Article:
The intersection between Black and Latino identity runs deep and yet there is still this misconception that all Latinos look like Salma Hayek or Jennifer Lopez. The truth is, being Black and being Latino are far from mutually exclusive and a lot of Latinas are recognizing the importance of embracing and loving their Afro-diasporic roots. Here 11 Latinas open up about the moment they realized they were Afro-Latina and why they are proud AF of their heritage!
Rocio Mora, New Orleans, Louisiana
Nationality: Honduran and Mexican
Occupation: Digital Influencer and founder of RisasRizos
IG Handle @RisasRizos
On the moment she realized she was Afro-Latina. “I had known about my family’s roots but never labeled myself as anything other than JUST Latina. It wasn’t until I was featured in an article for Top Afro-Latinas to follow, that the term came into personal conversation. A family member asked how I felt being listed as an Afro-Latina, since no one in my immediate family identified with the term. It was something my family and I never talked about. It was at that point that I realized, well… I am actually Afro-Latina by way of my maternal grandmother, so I should be proud and honored to have been listed that way, and I think my grandmother would have been proud too.”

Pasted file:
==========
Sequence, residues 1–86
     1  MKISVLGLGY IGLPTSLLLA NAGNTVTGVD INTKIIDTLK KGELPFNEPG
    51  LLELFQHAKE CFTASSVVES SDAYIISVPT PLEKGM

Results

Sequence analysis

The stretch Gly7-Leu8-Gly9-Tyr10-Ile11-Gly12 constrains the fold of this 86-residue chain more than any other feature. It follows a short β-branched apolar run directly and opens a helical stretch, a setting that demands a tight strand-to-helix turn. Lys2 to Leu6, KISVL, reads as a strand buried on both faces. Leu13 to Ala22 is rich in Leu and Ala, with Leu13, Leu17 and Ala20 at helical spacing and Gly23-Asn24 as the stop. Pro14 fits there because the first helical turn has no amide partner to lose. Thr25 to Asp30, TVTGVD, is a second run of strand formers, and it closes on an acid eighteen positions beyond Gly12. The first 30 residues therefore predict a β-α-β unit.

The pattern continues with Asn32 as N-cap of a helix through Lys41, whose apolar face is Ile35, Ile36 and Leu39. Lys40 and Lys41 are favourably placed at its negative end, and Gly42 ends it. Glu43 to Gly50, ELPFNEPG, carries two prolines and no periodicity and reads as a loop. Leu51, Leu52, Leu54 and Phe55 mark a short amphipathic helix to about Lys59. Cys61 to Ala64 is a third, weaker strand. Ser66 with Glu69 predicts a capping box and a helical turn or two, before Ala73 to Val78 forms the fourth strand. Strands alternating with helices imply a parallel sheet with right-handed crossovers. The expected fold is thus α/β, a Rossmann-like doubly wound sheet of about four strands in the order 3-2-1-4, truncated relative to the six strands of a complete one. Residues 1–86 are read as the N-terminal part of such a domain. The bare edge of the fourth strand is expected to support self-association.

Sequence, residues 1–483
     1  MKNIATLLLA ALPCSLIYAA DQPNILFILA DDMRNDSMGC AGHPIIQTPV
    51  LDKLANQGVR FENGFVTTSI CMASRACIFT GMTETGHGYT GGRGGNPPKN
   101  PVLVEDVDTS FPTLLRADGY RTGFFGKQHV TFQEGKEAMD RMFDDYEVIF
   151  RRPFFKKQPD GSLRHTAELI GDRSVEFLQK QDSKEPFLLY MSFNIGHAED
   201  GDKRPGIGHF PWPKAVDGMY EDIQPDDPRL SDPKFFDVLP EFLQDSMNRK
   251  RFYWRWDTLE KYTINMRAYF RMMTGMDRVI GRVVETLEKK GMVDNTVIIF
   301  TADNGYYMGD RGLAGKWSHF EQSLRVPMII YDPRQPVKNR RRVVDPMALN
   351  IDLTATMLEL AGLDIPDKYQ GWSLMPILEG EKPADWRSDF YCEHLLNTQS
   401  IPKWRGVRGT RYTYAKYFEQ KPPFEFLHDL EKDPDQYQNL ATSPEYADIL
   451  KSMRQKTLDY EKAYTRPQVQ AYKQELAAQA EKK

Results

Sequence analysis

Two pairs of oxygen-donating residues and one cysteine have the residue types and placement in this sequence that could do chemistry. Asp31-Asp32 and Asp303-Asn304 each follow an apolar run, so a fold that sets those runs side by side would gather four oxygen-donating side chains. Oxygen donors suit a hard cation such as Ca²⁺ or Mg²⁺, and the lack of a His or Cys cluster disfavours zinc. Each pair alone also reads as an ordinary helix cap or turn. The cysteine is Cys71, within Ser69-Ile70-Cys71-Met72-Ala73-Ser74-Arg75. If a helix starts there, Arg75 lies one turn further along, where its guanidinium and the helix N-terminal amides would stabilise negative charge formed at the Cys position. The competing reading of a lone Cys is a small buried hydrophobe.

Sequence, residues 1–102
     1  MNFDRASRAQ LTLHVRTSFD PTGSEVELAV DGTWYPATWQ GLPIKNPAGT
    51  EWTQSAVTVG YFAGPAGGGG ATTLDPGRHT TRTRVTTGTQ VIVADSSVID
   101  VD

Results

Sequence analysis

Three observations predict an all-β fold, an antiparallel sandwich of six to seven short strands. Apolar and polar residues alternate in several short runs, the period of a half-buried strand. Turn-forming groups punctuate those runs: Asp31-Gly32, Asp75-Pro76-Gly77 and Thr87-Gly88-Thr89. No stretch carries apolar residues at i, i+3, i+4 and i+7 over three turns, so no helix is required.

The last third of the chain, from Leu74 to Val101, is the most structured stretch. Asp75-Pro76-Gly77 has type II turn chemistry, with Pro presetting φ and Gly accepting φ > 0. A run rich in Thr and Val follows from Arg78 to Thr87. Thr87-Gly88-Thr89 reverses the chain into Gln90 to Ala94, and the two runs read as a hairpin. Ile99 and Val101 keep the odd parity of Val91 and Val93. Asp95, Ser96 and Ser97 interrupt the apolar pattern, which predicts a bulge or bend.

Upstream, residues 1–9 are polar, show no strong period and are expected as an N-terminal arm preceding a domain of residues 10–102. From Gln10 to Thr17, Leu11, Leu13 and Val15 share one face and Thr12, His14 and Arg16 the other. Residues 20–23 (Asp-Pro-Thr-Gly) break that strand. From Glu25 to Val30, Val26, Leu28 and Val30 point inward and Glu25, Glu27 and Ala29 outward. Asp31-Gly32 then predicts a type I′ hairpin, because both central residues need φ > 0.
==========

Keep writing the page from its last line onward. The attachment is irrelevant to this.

On misconceptions surrounding the term Afro-Latina. “I’ve heard some people say that the term Afro-Latinidad is another word used to divide Latinos and I feel that’s false. I think it helps to identify people like me who come from European and African descent. Why would I want to deny being Black if the curls on my head and the color of my skin were given to me by my Black grandmother, great grandmother and ancestors? By identifying as Afro-Latina, I am acknowledging and embracing my complex history and beautifully intertwined African descent.”